Turning enemies into friends

A Christian Science perspective: Seeking what unites us to reconcile our differences.

Pastor James Wuye and Imam Muhammad Ashafa are unlikely friends. At one time both men plotted to kill each other and sowed hatred among their fundamentalist followers, fueling a deadly rivalry. But they have since put their past behind them in the interest of bringing peace to Christians and Muslims in Nigeria, the largest nation in the world that has a population that is half Muslim and half Christian. The dividing line at the heart of the conflict is in the city of Kaduna in Northern Nigeria, where the pastor and imam both live. They say that what unites them is a spiritual commitment to God, despite their differing views on faith, and the desire to make the world a better place. They now model that spirit of forgiveness and reconciliation to bring peace to the region (see “A pastor and an imam once tried to kill each other – now they work to heal Nigeria,” PRI.org).

A recent Monitor editorial, “When disaster brings reconciliation,” points out: “Missions of mercy have a way of softening hard hearts between adversaries. Differences dissolve in the face of suffering and an outpouring of empathy. ”

Some might describe merciful acts as the rallying of the human spirit in the face of adversity, or humanitarian efforts that are core to being a good citizen or neighbor. Others might see that at the heart of their efforts is the kind of spiritual commitment to choose good over evil, and to choose love over hate, that the Nigerian pastor and imam have practiced.

In my experience, I have seen how a clear sense of the deep connection we each have to God leads us to choose what best promotes peace. From my study of Christian Science, I have come to understand that God is good, and the source of all. With divine goodness as our primary source, we see our true connection to each other as spiritual reflections of God. Christ Jesus spoke of us reflecting the divine in this way when he said, “Be ye therefore merciful, as your Father also is merciful” (Luke 6:36). He showed and proved that expressing mercy is a reflection of the love that comes from God. Relying on this divine goodness to inspire our actions and words to be merciful brings reconciliation and healing to otherwise intractable situations.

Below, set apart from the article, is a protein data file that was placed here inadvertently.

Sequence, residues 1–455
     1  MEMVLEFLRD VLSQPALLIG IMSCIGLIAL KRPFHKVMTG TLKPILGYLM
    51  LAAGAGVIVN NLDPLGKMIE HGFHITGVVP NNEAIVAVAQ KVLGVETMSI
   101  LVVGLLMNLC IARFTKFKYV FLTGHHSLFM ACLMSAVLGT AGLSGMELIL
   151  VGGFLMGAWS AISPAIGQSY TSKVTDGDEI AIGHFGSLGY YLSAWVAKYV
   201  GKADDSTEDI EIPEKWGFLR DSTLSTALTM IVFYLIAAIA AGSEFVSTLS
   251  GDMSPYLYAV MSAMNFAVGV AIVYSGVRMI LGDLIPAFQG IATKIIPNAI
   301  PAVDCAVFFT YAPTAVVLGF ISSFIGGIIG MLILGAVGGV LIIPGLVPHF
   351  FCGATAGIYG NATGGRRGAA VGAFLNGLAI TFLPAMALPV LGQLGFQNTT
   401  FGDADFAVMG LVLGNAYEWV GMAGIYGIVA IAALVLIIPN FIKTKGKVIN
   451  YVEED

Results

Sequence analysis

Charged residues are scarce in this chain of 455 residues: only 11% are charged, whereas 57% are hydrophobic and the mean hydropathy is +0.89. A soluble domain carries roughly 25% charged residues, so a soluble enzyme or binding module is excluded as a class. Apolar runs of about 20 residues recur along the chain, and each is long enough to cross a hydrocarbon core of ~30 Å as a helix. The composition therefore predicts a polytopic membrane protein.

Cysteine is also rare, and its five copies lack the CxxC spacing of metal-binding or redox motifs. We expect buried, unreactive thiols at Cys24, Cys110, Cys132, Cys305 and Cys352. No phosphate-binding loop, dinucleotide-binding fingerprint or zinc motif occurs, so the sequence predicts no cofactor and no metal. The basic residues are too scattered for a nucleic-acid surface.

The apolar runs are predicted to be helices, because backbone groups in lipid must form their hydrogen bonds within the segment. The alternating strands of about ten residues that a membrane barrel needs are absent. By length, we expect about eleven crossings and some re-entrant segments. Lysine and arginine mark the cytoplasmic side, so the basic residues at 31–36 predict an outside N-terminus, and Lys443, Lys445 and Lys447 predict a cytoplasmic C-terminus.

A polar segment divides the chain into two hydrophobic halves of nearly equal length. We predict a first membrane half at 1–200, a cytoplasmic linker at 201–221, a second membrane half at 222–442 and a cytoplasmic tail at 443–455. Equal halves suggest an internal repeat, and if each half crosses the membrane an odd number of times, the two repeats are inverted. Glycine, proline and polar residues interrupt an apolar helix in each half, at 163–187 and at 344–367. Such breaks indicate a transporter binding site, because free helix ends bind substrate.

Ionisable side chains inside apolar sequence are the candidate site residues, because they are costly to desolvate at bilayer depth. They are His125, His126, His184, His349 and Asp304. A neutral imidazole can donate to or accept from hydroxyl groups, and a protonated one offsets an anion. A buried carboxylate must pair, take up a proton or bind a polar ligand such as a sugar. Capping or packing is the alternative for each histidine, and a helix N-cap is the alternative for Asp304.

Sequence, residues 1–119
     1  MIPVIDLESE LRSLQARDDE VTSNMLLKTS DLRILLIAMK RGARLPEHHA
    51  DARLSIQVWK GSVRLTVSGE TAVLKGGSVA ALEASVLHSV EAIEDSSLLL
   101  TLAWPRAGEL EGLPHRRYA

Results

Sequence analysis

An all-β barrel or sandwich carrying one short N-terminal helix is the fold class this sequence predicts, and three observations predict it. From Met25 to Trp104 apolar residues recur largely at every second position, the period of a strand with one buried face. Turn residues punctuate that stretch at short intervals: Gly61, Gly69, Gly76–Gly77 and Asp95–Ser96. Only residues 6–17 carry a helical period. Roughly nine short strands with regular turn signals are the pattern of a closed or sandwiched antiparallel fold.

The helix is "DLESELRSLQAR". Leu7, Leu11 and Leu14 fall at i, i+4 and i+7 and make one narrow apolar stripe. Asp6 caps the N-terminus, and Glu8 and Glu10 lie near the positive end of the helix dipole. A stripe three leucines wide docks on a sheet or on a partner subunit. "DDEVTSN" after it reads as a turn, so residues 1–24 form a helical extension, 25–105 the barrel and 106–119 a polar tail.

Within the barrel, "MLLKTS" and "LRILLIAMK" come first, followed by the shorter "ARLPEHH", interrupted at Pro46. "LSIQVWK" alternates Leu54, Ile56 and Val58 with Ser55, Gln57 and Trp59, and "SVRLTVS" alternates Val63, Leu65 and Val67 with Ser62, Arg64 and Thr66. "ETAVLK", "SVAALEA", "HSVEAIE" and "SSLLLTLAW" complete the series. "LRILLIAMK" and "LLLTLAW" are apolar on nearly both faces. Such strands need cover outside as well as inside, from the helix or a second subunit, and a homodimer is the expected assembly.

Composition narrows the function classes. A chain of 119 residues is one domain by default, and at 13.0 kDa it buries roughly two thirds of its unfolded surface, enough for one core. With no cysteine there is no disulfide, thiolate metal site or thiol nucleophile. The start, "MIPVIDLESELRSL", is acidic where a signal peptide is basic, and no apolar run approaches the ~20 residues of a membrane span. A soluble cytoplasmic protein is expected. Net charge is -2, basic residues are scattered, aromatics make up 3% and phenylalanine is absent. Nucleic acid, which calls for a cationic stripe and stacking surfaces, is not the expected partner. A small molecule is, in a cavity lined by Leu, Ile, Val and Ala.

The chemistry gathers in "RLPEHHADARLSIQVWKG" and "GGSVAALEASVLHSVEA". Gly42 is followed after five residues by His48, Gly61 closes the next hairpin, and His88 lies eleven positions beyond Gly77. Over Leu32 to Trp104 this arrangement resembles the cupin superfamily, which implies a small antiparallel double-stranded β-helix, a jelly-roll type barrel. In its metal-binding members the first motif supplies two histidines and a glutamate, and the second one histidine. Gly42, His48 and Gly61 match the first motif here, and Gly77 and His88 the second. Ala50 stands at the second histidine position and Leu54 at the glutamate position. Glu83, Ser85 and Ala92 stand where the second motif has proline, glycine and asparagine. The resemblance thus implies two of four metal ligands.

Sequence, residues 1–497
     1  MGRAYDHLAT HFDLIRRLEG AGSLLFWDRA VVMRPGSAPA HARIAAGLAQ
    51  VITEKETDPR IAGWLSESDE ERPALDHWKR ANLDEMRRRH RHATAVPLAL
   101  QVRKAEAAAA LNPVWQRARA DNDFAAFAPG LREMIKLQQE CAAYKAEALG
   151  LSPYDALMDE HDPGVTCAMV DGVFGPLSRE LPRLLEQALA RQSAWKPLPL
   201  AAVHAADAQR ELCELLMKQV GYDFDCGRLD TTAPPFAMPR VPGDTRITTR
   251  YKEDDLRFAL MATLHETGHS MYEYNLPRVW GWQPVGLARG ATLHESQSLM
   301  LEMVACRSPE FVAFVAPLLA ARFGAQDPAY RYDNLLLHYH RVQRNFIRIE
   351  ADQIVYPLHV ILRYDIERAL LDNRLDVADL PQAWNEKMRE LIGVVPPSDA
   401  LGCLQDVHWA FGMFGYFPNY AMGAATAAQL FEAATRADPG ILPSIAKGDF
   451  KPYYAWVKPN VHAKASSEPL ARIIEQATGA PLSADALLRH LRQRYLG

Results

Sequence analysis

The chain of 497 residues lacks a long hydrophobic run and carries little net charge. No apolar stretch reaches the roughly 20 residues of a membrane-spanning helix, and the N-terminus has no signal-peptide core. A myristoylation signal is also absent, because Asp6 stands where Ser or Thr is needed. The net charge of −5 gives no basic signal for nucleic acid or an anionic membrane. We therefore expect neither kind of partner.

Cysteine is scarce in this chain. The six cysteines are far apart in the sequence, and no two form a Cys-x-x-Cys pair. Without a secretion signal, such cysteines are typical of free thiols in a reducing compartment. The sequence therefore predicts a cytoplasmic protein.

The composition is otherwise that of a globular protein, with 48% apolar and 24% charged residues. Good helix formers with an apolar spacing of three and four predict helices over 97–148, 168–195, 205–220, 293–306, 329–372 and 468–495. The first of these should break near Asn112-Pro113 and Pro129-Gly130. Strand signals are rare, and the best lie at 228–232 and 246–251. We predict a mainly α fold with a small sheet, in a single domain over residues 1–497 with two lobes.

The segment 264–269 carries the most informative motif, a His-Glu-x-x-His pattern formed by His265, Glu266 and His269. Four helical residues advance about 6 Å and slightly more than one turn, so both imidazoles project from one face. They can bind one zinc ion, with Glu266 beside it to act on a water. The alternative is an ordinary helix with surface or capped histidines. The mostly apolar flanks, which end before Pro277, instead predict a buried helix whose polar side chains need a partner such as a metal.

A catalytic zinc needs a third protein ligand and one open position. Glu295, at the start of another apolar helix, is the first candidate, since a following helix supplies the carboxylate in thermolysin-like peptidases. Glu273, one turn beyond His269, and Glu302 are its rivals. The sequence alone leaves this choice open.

A poignant example of the reconciliation inspired by God is found in the story of Joseph in the Bible. Joseph’s devotion to God defined and determined harmony in his thinking despite deep challenges in his life. He endured near death at the hands of his own brothers, slavery, character defamation, and false imprisonment. But in each case, it was his commitment to prayer and following divine wisdom that brought him freedom from slavery and prison, and kept him from being overtaken by anger, revenge, and self-righteousness.

During years of famine, Joseph was promoted to a position that allowed him to save both his family in Israel and the Egyptians, whom he served. Instead of seeking revenge on his brothers, he chose mercy in the face of their adversity. He also relieved them of any guilt when he said, “Be not grieved, nor angry with yourselves, that ye sold me hither: for God did send me before you to preserve life” (Genesis 45:5). He recognized his God-given purpose, which blessed all. His family was not only rescued from famine through Joseph’s generosity and kindness, but also reunited.

We each can learn much from Joseph’s example, which is characterized in the Christian Science textbook as “pure affection blessing its enemies” (Mary Baker Eddy, “Science and Health with Key to the Scriptures,” p. 589). It’s this kind of affection that challenges conflict in the world. Pure, Godlike love is the most powerful path to peace and reconciliation.

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